[like] Night in the Woods, and throwback like Axiom Verge. It looks really nice… games like Counter Spy look amazing… Astez was there. So there’s a super high variety of games with a variety of styles, perspectives, and genres. Indie is really sort of the driving factor not just behind innovation, but also now at this point, behind games. Because there are no AAA studios that can have the output of an independent developer. Although I was very pleasantly surprised by the AAA offerings this year, I have to add. Sunset Overdrive looks amazing. I’m also a very big Halo fan, so I guess I’ll be playing that as well. Sony had a bunch of good stuff as well. I mean, indie is there. We were there. We’re indie industry. We’re an increasing part of what people know about the industry, of what people care about in the industry. The amount of people that play indie games are at least aware of indie games in not just a negative fashion. It’s increasing. More and more people love indie games, so it’s an exciting time. It comes with its own problems and challenges, but it’s better than ever I think.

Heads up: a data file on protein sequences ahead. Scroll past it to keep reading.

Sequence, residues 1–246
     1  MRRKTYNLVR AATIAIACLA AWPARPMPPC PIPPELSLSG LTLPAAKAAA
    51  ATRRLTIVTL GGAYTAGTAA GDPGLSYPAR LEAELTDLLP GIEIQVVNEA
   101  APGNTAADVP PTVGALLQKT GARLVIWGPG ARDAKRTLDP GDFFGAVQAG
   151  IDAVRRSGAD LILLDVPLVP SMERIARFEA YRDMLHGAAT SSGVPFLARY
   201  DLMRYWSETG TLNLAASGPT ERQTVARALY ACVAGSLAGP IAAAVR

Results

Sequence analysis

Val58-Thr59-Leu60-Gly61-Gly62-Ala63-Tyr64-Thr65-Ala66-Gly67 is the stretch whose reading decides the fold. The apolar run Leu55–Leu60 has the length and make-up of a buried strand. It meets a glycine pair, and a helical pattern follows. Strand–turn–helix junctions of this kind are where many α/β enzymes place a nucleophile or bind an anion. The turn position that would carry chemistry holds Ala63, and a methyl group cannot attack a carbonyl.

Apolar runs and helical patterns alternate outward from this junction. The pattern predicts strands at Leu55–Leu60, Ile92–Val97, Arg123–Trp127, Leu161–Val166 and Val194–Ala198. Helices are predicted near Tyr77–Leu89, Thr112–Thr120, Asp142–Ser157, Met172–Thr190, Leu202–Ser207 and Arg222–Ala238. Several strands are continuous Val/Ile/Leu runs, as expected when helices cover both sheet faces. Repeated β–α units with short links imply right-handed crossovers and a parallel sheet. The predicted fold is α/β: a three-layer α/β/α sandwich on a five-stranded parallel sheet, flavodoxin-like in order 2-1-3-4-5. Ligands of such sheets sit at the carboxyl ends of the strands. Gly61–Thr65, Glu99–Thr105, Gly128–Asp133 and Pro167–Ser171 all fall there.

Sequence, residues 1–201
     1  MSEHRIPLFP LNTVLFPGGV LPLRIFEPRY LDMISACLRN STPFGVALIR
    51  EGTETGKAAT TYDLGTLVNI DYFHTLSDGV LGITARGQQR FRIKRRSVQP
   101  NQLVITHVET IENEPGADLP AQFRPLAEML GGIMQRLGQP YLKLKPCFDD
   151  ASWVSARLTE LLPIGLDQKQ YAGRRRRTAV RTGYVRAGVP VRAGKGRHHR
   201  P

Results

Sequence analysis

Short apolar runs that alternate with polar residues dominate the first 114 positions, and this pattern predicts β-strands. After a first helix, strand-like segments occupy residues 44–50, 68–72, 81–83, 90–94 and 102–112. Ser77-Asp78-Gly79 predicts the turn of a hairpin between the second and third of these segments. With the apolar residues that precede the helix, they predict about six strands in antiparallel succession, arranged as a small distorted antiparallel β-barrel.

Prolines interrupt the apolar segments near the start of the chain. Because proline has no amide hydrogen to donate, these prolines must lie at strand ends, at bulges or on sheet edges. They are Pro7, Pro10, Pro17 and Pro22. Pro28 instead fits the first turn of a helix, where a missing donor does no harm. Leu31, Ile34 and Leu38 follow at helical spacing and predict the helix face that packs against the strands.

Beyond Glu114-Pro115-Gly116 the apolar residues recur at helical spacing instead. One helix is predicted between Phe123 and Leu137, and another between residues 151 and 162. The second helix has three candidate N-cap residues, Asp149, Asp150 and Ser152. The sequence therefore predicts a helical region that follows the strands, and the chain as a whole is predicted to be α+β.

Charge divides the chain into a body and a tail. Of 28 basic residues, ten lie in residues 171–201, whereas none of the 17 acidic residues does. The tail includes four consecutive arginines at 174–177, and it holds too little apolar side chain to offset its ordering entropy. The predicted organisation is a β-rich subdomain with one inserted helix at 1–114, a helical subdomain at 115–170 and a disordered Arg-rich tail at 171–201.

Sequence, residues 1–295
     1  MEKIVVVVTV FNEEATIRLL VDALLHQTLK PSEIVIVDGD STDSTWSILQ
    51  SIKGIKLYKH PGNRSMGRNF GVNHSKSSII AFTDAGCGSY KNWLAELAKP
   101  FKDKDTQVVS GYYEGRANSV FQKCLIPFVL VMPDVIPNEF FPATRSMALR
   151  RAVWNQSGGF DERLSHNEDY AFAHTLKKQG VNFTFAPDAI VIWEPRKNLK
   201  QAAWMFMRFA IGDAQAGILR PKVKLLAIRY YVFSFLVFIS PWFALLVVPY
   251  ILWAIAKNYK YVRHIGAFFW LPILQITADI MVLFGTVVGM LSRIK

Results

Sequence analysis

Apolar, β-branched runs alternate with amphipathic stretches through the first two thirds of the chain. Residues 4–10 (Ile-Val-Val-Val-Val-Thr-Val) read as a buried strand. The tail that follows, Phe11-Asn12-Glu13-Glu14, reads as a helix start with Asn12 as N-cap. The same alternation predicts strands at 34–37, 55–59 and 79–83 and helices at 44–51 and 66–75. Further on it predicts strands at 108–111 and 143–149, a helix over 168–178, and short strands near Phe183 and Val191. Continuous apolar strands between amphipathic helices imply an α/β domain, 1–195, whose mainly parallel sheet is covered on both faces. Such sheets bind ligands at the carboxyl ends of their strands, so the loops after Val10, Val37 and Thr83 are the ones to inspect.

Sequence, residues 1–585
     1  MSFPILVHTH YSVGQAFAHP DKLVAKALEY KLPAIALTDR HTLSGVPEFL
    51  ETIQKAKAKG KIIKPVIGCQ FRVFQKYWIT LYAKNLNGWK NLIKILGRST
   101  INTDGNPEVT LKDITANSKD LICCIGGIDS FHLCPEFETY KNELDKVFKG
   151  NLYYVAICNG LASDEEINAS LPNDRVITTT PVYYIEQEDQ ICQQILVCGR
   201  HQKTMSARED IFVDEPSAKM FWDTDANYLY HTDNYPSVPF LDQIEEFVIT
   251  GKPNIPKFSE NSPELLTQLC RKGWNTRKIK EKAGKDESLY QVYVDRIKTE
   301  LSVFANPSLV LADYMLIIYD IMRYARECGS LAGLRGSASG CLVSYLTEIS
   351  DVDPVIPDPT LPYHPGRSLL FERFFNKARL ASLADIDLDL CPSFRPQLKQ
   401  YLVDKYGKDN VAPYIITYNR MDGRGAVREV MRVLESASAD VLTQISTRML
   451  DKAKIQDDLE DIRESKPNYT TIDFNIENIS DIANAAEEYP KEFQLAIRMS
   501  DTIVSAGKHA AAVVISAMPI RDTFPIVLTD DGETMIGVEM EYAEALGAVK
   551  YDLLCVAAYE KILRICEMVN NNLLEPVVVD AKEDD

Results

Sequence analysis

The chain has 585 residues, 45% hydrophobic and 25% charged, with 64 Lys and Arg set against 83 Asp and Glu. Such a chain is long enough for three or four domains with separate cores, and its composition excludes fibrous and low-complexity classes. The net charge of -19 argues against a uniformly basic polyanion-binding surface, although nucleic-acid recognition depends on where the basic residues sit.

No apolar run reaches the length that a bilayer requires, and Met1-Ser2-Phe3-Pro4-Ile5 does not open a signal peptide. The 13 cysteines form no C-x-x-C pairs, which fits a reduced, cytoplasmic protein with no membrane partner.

Shahid Ahmad reckons indie games do sell consoles.

Shahid Ahmad reckons indie games do sell consoles.

Talking about Sony, Shahid Ahmad recently stated that indie games can sell platforms / machines. How much truth do you think there is in his statement?